We all make mistakes. No one is right all the time. But what makes this particular error hard to swallow is that it has resulted in a delayed paddling season. The lesson might be to not plan an ice-out canoe trip on a prediction made by an albino groundhog, despite the fact that he gave us hope. Hope that has remained frozen in the lake as winter is only recently beginning to release its grip.
April 1st roared in like a cruel joke and put an end to any thoughts of a repeat in last year’s unseasonably warm spring thaw. That scorching March in 2012 resulted in the earliest ice-out in over 50 years. As much as this year is more normal than last, the “delay” in the ice melting weather still feels a little cruel. The slow start to warm temperatures is also making ice-out predictions particularly challenging. If you’re itching to paddle Algonquin this spring stay tuned to the Friends of Algonquin Park’s website for updated ice conditions.
But why wait?
There is open water out there if you are willing to find it. Here are a few places you can go to dip your paddle:
- This is the prime time for many whitewater enthusiasts. Spring runoff means rivers are swollen and ready to ride. It also provides the only opportunity to paddle certain rivers that run dry in the summer, such as the Highway 7 runs.
Slow Moving Creeks
- Impatient flat water paddlers can seek out day trips down creeks and slow moving rivers that have pushed their ice downstream. If you go out too early you may still encounter some ice but these places are sure to open up before the lakes. Just remember that if you choose a familiar river, the water levels will be higher than they were in the summer. This will create new features – rapids and obstacles, that might not have been there the last time you floated by.
- Wind plays a major role in clearing ice off a lake and you will be hard pressed to find windier lakes in Ontario than the Great Lakes. This is, however, a double edged sword. The same wind that clears the ice also builds waves and surf that some seek and others avoid. If you don’t like being sprayed by cold water, keep your eye on those quiet bays and inlets of the Great Lakes. Once the ice starts to break, a good wind can clear the lake in a few hours.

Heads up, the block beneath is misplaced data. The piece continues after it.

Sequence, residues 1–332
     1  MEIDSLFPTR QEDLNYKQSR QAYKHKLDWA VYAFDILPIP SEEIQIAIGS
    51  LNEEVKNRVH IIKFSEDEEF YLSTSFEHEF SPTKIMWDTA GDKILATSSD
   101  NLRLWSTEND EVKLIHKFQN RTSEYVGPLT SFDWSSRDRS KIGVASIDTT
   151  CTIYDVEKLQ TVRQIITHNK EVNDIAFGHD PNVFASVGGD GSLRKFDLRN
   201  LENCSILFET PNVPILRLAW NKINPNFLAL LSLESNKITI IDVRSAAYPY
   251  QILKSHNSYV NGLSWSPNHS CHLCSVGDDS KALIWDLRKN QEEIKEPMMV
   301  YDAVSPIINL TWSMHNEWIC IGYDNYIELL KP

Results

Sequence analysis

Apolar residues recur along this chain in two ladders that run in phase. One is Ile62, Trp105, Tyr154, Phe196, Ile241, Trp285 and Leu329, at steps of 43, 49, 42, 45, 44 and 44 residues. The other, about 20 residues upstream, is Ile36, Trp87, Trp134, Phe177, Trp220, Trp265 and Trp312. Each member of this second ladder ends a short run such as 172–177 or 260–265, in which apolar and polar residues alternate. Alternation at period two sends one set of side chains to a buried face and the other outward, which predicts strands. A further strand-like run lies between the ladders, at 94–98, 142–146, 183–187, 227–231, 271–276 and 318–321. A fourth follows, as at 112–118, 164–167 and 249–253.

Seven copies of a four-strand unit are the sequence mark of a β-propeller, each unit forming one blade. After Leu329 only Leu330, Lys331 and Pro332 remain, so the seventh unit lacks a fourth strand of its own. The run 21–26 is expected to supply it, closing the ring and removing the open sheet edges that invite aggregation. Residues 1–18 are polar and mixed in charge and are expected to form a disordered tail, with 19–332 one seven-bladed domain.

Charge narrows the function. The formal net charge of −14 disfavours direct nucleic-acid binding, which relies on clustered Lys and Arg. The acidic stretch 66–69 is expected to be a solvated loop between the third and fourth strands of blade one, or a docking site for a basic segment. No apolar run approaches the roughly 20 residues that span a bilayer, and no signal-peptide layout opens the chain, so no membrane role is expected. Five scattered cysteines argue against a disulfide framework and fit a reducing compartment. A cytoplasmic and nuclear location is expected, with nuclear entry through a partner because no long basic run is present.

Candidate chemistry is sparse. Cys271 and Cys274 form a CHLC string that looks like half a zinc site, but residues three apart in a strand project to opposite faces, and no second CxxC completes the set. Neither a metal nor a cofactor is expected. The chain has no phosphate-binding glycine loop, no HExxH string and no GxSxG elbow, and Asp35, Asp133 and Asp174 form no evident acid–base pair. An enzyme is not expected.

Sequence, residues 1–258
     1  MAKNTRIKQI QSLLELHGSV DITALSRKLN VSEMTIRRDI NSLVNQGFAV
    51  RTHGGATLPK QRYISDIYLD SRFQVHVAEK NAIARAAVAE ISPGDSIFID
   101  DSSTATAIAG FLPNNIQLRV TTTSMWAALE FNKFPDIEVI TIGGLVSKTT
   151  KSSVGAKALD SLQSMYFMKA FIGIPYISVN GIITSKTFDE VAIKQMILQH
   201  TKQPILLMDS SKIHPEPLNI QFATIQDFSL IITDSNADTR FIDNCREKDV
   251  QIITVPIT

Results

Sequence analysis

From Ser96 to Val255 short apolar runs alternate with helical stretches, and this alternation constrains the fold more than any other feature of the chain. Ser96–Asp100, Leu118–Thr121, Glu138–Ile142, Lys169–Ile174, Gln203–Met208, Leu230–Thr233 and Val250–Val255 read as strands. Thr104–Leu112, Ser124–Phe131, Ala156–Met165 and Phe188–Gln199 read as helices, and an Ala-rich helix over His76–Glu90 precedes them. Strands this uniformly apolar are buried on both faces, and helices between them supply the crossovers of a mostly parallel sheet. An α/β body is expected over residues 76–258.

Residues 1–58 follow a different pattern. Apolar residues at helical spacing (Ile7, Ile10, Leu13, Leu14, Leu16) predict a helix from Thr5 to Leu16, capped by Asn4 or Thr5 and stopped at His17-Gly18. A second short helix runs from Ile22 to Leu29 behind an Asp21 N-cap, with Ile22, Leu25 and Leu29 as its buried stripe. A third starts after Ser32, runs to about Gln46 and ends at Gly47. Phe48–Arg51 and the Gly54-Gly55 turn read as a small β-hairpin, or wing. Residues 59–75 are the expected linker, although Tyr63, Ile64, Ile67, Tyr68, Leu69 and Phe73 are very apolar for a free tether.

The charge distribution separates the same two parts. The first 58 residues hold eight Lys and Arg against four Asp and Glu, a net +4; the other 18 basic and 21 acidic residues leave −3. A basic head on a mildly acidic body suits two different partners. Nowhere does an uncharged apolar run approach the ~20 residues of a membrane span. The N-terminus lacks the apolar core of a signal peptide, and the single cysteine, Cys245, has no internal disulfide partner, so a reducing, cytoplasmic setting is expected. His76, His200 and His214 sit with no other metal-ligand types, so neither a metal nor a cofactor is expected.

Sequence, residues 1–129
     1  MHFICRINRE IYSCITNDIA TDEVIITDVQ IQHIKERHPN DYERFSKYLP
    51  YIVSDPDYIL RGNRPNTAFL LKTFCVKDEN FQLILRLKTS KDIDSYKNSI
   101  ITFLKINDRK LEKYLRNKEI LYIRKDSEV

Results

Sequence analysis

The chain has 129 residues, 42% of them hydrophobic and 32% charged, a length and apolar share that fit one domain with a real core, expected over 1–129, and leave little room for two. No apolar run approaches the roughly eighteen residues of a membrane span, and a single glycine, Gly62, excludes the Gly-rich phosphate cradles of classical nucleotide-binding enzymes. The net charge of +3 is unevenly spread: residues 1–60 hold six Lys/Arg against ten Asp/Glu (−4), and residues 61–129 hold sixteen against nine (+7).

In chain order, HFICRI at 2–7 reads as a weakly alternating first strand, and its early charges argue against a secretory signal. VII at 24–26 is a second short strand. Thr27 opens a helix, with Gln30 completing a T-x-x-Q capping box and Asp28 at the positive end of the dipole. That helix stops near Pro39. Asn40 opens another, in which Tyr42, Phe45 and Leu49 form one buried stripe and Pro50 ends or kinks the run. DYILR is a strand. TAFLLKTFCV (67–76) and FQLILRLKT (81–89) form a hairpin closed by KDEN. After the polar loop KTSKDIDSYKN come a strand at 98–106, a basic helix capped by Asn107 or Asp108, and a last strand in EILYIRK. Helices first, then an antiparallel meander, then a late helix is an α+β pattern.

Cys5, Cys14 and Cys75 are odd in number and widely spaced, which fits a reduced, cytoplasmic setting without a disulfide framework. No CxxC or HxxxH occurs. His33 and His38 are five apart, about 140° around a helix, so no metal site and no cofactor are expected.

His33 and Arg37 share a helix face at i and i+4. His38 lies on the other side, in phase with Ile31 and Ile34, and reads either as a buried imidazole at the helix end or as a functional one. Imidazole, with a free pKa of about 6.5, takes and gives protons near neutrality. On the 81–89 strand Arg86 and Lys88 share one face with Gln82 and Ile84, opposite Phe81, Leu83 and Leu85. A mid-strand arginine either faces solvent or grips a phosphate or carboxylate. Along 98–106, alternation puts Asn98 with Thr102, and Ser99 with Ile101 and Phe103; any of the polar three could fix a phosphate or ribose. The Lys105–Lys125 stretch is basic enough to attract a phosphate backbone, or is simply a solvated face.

Early spring paddling tips – Stay out of the water
One of the challenges with early season paddling is being prepared for the unexpected. A mid-summer flip of the canoe might be welcomed but it’s a different story in the spring. Here are some safety tips for spring/cold water paddling:
- Be Prepared – Know the water temperature and weather forecast before you set out.
- Insulate your Body – Avoid wearing cotton clothing when paddling in cool temperatures. Dress in layers using synthetic fabrics such as polyester fleece to prevent getting over- heated or chilled from perspiration. Carry a waterproof jacket designed for splash and/or rain protection. Wear a warm hat that will stay on your head in the water. A fleece-lined skullcap is ideal.
- Fuel Your Body – Keep your body well fuelled with high carbohydrate foods and lots of water.
- Wear your lifejacket – When a paddler capsizes and is suddenly immersed in cold water, the body’s first reflexive action is to gasp for air, followed by increased heart rate, blood pressure and disorientation and can even lead to cardiac arrest. Without proper equipment and apparel, the body can become incapacitated in just a few minutes and without a lifejacket this can be a very dangerous and often fatal combination. ?
- Have a Spare – Keep a dry set of clothing stored in a sealed dry bag while on the water.
- Watch out for your group – Know your – and everyone in your group – emotional and physical limitations. It is important not to push them this early in the season. You must take into consideration that you haven’t paddled for 5 to 6 months and will not be at the condition you were at the end of last season.
With these safety tips in mind, it’s time to get out and enjoy the first paddle of the season. Check out the Ontario Parks’ paddling page for more information on canoeing at provincial parks.